Europe's nations and regions

Marco Buti, Björn Döhring, José Leandro, 08 February 2018

The outlook for the euro area economy depends to a large extent on whether the impact of the crisis will turn out to be permanent or transitory. This column attempts to chart out the path ahead, starting from what different narratives of the 'atypical recovery' imply about the further trajectory of GDP and inflation. In view of remaining slack, and barring an exogenous shock or policy mistakes, there is scope for solid GDP growth above potential for some time. The factors that should eventually drive an increase in core inflation are gaining force, but only gradually.  The current supportive policy mix is thus appropriate for the euro area as a whole, but reforms that raise productivity and increase the economy's resilience to shocks should be accelerated.

David Miles, 07 February 2018

Over recent decades houses have become increasingly expensive in the UK, leading to what is routinely described as a ‘housing crisis’. This column assesses whether, over the long term, the UK experience is so unusual and explores the underlying forces at work. Two key elasticities and one technological factor are highlighted as being central to the story and will determine what happens over the next 50 years.

Cristina Fernández, David Martínez Turégano, 07 February 2018

European labour force participation has increased over recent decades, fuelled in large part by increased female labour participation, improvements in education levels, and socioeconomic factors. This column explores whether this trend will continue, or whether we will see a decline similar to that in the US. Results indicate that while Europe’s labour participation is not on the verge of a reversal, targeted policies will need to take over from socio-educational developments in driving further growth.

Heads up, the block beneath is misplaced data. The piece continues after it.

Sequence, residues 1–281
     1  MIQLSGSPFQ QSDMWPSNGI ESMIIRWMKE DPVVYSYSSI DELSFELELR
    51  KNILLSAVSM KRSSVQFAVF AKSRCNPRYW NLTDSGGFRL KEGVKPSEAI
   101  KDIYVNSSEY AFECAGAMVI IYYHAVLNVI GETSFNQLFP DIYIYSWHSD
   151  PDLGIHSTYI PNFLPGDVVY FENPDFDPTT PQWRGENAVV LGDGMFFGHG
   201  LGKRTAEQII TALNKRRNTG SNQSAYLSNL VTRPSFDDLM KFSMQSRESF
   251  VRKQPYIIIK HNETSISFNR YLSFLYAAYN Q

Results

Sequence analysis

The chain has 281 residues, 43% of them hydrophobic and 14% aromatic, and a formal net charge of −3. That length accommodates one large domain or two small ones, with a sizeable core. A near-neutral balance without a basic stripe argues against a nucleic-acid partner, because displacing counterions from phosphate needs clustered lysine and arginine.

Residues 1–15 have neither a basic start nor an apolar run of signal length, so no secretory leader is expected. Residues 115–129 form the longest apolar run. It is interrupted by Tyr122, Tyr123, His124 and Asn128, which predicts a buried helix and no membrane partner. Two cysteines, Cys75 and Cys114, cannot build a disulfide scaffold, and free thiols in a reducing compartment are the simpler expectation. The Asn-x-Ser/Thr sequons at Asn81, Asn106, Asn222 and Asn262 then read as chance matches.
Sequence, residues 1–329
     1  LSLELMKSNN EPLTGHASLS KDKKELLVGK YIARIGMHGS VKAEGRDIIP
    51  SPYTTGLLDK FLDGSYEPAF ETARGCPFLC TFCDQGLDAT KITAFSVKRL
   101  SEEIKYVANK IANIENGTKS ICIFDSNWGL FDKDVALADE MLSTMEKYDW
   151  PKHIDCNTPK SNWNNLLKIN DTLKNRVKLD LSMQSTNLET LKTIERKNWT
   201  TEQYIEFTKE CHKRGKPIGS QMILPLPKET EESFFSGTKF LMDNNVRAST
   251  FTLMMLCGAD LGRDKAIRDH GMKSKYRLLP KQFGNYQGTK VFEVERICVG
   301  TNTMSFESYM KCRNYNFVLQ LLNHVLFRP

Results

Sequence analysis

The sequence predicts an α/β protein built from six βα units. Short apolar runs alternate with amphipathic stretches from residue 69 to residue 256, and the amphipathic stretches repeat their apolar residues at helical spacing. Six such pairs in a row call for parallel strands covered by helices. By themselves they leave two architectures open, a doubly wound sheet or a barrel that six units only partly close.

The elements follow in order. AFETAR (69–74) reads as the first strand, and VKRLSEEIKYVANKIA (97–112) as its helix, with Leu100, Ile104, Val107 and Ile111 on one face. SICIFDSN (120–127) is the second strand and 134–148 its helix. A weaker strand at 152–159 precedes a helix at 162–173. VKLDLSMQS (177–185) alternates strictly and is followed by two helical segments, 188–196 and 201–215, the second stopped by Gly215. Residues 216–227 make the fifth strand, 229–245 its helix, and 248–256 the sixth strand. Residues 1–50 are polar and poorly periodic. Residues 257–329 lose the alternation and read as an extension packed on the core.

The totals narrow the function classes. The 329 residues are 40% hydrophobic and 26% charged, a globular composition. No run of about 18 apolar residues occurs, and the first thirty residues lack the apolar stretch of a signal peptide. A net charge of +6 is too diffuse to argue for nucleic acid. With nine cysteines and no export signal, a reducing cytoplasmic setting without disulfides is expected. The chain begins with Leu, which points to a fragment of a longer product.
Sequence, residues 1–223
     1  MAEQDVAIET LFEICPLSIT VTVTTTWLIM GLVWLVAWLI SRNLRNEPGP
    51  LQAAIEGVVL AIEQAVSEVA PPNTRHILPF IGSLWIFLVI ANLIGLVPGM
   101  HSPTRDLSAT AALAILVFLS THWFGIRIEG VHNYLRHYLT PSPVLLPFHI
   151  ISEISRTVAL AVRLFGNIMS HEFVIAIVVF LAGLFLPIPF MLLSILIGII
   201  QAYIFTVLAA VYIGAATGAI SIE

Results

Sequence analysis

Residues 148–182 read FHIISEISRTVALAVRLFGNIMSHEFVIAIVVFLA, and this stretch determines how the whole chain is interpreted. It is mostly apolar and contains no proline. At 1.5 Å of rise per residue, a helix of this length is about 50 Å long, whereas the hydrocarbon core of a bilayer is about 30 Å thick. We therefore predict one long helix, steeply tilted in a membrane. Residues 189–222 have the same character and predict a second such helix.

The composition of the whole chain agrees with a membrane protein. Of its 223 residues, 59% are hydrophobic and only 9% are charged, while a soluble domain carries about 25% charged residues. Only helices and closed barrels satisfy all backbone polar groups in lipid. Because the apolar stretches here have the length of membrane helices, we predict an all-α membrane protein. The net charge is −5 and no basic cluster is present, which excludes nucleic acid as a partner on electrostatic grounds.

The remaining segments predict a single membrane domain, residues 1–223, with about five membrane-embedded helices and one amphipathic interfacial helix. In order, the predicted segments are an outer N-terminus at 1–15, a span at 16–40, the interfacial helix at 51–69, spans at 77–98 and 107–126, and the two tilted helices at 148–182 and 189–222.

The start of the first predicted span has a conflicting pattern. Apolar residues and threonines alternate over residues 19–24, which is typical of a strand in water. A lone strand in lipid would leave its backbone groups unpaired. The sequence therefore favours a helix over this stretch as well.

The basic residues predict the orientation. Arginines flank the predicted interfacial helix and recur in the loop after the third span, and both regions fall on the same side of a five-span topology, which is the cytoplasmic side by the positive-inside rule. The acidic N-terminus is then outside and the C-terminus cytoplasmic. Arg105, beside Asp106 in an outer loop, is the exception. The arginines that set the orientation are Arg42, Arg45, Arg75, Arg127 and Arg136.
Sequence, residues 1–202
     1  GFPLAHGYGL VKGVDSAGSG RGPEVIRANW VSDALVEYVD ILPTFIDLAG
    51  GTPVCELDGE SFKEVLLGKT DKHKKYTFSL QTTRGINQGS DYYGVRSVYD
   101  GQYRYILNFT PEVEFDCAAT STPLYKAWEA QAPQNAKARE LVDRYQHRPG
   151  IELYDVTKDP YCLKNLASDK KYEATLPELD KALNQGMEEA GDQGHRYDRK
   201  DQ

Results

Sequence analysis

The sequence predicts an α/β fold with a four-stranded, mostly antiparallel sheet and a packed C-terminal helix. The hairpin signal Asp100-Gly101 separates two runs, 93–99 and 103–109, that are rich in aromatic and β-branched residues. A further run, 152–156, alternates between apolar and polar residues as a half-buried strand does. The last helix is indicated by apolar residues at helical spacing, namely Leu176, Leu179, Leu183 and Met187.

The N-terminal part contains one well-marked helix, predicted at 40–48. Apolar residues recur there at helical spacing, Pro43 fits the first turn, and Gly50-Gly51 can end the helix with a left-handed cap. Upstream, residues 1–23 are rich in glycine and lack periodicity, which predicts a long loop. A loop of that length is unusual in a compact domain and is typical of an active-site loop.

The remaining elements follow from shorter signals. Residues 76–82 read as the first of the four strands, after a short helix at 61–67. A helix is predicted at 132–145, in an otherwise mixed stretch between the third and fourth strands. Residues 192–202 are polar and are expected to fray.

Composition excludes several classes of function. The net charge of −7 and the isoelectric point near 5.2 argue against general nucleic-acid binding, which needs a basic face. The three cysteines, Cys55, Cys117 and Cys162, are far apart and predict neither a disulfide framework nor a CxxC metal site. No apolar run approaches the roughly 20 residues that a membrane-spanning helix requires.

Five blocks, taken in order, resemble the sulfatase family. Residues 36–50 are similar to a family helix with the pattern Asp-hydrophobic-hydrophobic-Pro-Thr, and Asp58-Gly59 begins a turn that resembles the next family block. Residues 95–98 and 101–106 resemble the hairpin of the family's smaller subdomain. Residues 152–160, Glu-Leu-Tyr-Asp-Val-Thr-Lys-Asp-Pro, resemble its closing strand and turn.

Andrés Rodríguez-Pose, 06 February 2018

Persistent poverty, economic decay and lack of opportunities cause discontent in declining regions, while policymakers reason that successful agglomeration economies drive economic dynamism, and that regeneration has failed. This column argues that this disconnect has led many of these ‘places that don’t matter’ to revolt in a wave of political populism with strong territorial, rather than social, foundations. Better territorial development policies are needed that tap potential and provide opportunities to those people living in the places that ‘don’t matter’.

Paolo Manasse, Dimitris Katsikas, 01 February 2018

The basic ingredients of the policy prescriptions in response to the euro area debt crisis were quite similar across Southern Europe. This column explores the economic, political, and institutional factors that differentially affected the success of these prescriptions from country to country. Policy timing and sequencing, the balance between fiscal consolidation and structural reforms, and external constraints all play crucial roles. Future reform programmes should be calibrated to the distinct economic, social, and political features of targeted countries.

Other Recent Articles: